I still had the one I got as a Christmas present from my parents back in the late 70s in a beautiful box like this one and I used it a lot in the years to come.
To be able to make some of the models in the book (see Part I) I needed two more of those motors and fortunately I could buy them last week from a LEGO fan that collects and sells mainly sets from the 70s and 80s era. And he gave me 4 electric plugs (#766c01) for free, thanks Marcel!
I need to break off that little plastic pin in the middle in order to make the plugs fit into my own motor and battery box that do not have a hole to accommodate for that pin.
Ok, in the meantime I have received the Vic Rel cartridge (see Part I).
Then I bought a working Commodore 64C (the newer model of the C64, which was released in 1986 and looked a little bit like the Commodore 128). Back in the 80s I owned the original C64 (the so-called breadbox model), so now I wanted the new model for a change 🙂
My Commodore 64 is the same model, but does not look as nice as the one in this picture.
The Vic Rel cartridge placed in the user port of my Commodore 64.
By default all red lights are turned on when the computer is turned on.
I already built the first LEGO Technic model from the book Make And Program Your Own Robots For the Commodore 64 and Vic 20 (see also Part I) that made me start this little project in the first place… but I could not really test it until I received my Commodore 64. I typed in the Basic code also provided by this splendid book, looking like this:
And then the following happened:
So it all worked great..! This first robot model from the book is called Walking Android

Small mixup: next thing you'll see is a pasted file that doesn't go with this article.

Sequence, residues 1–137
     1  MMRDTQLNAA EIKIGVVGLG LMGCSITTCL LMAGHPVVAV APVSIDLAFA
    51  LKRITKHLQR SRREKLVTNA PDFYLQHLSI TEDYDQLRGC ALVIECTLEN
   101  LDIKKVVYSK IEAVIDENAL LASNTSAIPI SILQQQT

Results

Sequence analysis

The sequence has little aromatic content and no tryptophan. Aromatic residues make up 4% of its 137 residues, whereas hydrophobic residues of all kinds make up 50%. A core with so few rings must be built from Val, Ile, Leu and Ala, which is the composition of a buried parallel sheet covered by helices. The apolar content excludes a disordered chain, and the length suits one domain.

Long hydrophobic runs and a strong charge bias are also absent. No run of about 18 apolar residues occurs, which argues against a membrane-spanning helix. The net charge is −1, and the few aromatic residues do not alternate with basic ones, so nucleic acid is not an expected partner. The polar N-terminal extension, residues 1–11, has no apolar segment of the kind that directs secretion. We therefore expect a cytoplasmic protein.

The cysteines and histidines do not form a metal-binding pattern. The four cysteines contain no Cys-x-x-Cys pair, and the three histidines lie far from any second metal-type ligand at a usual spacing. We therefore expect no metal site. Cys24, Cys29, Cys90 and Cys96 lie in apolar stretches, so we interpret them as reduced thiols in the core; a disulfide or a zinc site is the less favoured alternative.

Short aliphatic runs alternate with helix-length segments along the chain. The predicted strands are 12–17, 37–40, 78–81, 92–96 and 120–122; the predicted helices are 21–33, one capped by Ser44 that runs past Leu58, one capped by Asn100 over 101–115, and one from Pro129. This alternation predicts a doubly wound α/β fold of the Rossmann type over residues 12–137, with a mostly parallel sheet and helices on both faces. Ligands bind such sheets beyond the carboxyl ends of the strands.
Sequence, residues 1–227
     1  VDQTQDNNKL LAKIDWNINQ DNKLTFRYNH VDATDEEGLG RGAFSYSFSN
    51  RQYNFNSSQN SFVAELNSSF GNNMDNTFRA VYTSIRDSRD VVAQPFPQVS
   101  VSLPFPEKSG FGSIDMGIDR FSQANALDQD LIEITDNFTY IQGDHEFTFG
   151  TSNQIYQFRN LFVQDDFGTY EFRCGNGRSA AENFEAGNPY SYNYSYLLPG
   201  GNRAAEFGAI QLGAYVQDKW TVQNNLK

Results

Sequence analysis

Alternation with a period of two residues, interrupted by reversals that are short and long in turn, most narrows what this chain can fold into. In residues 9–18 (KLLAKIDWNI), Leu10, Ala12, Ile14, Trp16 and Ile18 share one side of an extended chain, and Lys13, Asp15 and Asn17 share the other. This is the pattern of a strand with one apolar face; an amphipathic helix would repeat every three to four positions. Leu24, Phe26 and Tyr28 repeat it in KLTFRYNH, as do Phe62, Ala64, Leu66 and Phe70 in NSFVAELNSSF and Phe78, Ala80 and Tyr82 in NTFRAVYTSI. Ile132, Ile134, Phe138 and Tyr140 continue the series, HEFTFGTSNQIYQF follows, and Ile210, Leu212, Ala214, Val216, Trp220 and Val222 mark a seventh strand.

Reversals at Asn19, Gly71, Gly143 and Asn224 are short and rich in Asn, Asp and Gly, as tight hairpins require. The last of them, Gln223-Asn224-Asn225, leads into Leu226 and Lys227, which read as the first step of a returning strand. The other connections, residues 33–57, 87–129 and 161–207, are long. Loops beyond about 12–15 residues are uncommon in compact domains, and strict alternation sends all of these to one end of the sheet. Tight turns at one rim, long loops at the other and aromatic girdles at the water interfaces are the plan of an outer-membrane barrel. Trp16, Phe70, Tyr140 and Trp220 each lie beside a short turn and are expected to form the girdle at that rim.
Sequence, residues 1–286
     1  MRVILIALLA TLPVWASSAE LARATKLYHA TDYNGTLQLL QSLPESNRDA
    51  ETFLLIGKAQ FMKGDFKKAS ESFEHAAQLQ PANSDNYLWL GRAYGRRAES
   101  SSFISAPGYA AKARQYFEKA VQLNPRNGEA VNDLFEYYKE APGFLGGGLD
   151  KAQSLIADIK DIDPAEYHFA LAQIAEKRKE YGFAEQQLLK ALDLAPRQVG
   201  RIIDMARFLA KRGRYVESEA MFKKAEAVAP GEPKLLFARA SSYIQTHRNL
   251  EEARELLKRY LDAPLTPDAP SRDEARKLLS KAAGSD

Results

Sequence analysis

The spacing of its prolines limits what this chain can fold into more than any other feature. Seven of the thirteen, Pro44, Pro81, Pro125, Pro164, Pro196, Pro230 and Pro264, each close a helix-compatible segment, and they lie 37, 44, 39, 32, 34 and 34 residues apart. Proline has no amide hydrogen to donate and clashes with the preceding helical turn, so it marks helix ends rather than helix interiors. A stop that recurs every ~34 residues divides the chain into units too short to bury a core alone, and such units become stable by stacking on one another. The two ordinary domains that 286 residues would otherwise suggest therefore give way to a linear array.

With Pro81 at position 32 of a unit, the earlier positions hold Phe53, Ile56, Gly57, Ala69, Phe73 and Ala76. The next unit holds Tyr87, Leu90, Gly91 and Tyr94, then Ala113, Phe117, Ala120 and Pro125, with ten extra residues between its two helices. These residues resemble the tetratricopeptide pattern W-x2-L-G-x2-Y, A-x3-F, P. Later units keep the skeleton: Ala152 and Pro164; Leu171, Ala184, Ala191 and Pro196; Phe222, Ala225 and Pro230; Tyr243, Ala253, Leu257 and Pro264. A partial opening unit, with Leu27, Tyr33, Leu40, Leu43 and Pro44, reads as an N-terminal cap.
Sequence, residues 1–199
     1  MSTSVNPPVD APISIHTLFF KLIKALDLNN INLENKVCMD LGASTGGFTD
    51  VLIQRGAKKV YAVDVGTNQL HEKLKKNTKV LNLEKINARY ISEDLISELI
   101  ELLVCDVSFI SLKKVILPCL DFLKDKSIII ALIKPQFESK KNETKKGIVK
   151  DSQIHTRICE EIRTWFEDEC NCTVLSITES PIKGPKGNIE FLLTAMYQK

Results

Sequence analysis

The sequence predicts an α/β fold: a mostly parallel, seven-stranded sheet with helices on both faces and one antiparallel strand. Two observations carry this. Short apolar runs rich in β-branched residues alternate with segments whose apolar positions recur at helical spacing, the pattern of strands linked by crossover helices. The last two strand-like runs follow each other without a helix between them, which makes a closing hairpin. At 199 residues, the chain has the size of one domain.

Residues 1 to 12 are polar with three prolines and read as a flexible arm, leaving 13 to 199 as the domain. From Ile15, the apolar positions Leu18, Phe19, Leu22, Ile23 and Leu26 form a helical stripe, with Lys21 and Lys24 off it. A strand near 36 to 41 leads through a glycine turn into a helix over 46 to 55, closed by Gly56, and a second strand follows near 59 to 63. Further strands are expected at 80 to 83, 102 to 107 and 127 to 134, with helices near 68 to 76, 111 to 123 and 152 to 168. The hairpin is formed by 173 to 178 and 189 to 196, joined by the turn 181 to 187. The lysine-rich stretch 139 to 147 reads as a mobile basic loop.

. If you watch really good you can see the leftmost light on the Vic Rel cartridge turning red as soon as the contraption starts walking after the first keypress. The light is turned off as soon as a key is pressed again causing the robot to stop walking.
Being a teenager back in the 80s my home computer of choice was the Commodore 64. It stayed in my old room at my parents house long after I moved to my own place. I sold it over a decade ago when I got my parents to learn how to use a PC with an Internet connection and they needed a place to put these new devices. I saw no further use for it because I could emulate the C64 for free on my PC using e.g. CCS64, Hoxs64 or the Commodore 64 Emulator (written in WPF and Silverlight that also ran on a Windows Phone 7). I even bought a Competition Pro USB joystick to get that same micro switch game feeling of the mid 80s while playing those emulated games on a modern PC…
Recently I stumbled upon a forum post entitled Make And Program Your Own Robots (1985 Lego!). The book mentioned there is basically about creating LEGO Technic models and operating them using LEGO 4.5 volt motors controlled by a CBM 64. This is made possible using a relay controller called the VIC REL, created in 1983 by Handic Software AB. This hardware interface needs to be put physically into the so-called user port of your Commodore 64. So now I am regretting ever selling this beautiful device 😦
Due to sentimental reasons I searched for this book (ISBN 10: 0099426609, ISBN 13: 9780099426608) and bought a copy via Amazon in the UK. And although it was published in 1985 it looks as if no one ever really opened the copy I received. Here is a picture of the cover:
There is also a version of this book “… For the Sinclair Spectrum”
At first just for giggles I started looking for such a Vic Rel relay cartridge… but you guessed it… I finally ordered this one via eBay, sold by a user called freeweb. So now I am waiting for its arrival. To be continued…